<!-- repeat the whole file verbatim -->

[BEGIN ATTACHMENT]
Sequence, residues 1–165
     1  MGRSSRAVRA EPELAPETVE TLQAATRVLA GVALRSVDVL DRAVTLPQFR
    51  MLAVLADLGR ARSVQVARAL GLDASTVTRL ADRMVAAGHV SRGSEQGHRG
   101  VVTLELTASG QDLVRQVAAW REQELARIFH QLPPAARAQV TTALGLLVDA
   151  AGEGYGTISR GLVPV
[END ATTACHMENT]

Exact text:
Sequence, residues 1–165
     1  MGRSSRAVRA EPELAPETVE TLQAATRVLA GVALRSVDVL DRAVTLPQFR
    51  MLAVLADLGR ARSVQVARAL GLDASTVTRL ADRMVAAGHV SRGSEQGHRG
   101  VVTLELTASG QDLVRQVAAW REQELARIFH QLPPAARAQV TTALGLLVDA
   151  AGEGYGTISR GLVPV